Finnish mobile phone maker Nokia slashed losses to about a tenth from a year ago, as analysts voiced optimism Tuesday about the iconic brand's future as a smaller, nimbler player.
Nokia chief executive Stephen Elop holds a Nokia Lumia 2520 at an event on October 22, 2013 in Abu Dhabi
The company announced a net loss of 91 million euros ($125 million) in the third quarter, down from a massive 959 million euros in the same period in 2012.
Although turnover during the three-month period dropped 22 percent to 5.6 billion euros, much of that loss was due to the company's ailing handheld business, which is soon to be sold off.
Sales of low-end mobile phones fell by 27 percent in volume and 37 percent in terms of value.
"In general, there is a little bit of caution when it comes to Nokia and its future," said Ishaq Siddiqi, an analyst at ETX Capital in London.
"It doesn't have its devices and services unit anymore. It's going to have to turn to its other businesses and platforms."
Nonetheless, sales of Lumia smartphones -- which Nokia hopes can compete with Samsung and Apple devices -- were a bright spot.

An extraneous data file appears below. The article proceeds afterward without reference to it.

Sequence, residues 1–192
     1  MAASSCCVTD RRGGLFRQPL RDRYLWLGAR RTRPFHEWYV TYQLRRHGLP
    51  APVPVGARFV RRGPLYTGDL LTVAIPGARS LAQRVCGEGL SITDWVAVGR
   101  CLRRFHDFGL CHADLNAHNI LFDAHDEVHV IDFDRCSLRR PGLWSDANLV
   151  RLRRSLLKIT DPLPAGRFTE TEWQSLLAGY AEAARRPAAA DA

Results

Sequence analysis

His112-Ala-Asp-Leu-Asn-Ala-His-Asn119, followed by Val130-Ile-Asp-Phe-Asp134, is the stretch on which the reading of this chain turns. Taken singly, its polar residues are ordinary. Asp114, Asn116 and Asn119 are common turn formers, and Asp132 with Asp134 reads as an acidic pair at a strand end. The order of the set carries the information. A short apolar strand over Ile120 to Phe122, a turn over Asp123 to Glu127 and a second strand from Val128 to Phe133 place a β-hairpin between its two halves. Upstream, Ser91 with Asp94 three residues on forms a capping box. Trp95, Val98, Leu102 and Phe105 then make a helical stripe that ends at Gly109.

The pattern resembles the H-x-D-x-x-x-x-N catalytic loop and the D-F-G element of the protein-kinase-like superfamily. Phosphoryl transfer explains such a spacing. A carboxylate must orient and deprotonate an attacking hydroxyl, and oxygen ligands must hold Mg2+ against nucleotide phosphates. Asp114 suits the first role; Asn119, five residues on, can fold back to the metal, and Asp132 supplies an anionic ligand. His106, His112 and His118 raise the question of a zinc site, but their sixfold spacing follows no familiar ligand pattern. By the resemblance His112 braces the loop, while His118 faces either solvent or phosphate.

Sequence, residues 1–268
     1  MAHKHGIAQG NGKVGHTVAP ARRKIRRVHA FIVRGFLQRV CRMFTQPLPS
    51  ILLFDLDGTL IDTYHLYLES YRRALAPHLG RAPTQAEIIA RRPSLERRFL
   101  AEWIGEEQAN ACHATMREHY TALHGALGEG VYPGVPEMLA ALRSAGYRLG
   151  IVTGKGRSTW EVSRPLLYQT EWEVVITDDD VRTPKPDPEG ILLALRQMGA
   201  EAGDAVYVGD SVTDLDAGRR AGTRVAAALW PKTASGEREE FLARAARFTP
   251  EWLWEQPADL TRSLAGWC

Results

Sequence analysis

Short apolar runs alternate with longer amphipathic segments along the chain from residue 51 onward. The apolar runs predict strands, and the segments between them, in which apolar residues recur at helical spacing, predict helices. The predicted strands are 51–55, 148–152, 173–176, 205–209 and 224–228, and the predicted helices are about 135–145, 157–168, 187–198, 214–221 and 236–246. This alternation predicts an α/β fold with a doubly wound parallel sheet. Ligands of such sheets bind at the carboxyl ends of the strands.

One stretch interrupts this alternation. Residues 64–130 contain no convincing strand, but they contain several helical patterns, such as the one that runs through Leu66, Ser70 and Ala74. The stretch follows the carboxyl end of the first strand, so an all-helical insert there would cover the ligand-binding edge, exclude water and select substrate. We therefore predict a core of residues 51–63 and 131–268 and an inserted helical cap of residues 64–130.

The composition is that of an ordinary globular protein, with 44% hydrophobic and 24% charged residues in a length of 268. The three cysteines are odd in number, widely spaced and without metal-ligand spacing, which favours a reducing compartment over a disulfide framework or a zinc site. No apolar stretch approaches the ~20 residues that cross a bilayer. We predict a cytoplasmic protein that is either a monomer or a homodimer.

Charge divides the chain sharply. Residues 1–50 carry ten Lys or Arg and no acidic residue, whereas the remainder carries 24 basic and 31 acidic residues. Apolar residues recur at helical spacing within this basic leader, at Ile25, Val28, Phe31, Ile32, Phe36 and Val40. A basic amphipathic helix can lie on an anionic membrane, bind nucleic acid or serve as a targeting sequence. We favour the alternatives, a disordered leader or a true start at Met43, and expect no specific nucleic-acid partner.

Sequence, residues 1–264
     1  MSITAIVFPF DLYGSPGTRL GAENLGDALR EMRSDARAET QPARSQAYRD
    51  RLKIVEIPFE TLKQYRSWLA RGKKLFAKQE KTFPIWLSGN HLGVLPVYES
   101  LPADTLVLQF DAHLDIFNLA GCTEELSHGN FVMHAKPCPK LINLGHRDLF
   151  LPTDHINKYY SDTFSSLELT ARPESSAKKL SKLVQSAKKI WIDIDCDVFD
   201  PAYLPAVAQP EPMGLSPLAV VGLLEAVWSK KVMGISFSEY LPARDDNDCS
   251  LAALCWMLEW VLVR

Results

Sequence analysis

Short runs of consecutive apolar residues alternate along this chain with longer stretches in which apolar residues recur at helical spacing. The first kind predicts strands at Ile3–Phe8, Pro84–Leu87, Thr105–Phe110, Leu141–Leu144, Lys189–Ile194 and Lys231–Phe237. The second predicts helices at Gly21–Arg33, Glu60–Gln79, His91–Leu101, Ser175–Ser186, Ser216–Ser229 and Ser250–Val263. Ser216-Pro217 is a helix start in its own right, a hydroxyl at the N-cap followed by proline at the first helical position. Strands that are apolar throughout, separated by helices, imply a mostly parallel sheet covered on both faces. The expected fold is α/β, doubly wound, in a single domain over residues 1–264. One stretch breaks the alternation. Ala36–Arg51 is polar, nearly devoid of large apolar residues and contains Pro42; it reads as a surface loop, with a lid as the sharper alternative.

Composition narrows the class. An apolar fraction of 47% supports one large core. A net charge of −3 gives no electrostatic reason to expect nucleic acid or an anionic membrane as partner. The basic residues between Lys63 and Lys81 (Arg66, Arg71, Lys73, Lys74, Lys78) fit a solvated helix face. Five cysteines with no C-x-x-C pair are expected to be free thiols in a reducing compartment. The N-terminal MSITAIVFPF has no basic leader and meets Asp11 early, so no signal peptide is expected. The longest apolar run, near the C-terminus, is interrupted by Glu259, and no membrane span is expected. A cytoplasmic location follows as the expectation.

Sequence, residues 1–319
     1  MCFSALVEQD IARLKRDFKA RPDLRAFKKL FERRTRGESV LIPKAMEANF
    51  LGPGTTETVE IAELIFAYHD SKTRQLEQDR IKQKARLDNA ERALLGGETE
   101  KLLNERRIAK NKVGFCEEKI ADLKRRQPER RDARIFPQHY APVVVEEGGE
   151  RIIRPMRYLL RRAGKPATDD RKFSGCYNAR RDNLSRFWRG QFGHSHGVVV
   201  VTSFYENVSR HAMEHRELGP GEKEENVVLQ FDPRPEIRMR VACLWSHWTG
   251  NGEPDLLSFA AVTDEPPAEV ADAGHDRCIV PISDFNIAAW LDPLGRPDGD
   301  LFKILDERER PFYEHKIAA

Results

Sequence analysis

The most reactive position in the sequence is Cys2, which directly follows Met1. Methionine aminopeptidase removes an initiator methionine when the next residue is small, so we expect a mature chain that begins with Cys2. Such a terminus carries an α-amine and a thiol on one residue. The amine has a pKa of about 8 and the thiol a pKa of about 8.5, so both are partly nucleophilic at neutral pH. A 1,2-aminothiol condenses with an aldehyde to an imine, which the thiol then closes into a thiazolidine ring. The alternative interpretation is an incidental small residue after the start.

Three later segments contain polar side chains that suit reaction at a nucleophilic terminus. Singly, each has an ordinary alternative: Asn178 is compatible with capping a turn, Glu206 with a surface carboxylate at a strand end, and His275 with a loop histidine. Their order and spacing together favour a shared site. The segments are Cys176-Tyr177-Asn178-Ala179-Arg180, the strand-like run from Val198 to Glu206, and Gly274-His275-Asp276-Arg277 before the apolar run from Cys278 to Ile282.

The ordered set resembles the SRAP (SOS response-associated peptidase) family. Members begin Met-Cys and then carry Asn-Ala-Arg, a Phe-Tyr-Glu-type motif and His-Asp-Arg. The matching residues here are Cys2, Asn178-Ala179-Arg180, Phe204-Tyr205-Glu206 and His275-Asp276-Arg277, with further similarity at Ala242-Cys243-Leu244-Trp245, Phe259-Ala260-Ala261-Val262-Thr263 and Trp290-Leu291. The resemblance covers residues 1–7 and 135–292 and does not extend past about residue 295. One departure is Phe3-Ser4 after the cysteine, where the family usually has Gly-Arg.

Lumia sales grew by about 200 percent year-on-year to 8.8 million units, although still far behind Apple's iPhone which sold 33.8 million units in the same period.
Deciding to cut their losses after years of falling sales, the former world leader in mobile phones will sell its handset operations to Microsoft for 5.44 billion euros in early 2014.
"The third quarter was among the most transformative in our company's history," Nokia CFO Timo Ihamuotila said in a statement.
He noted that in addition to the sale to Microsoft, Nokia became the full owner of Nokia Solutions and Networks. or NSN -- formerly a joint venture with Siemens.
"(These are) transactions which we believe will radically reshape the future of Nokia for the better," Ihamuotila said.
The turnover of NSN dropped by 26 percent in the quarter but it still made an operating profit of 166 million euros and Nokia predicted it to improve further in the fourth quarter.
Some analysts said that outlook was the main cause of a five percent rise in Nokia's share value on the Helsinki Stock Exchange early on Tuesday afternoon.
"Nokia's forecasts for NSN bode well for a very good end of year for Nokia," Mikael Rautanen at the consultancy Inderes told AFP.
A Paris-based analyst speaking on condition of anonymity said the shedding of the handheld business was an opportunity for Nokia to play to its strengths.
"If things improve, a loss doesn't matter. Things have been improving and most of the losses come from the mobile phone division, which they've just sold," he said.
"On networks, these results underline how their strategy is paying off... Looking forward we can see a smaller Nokia on networks, which is going to generate some cash and be profitable."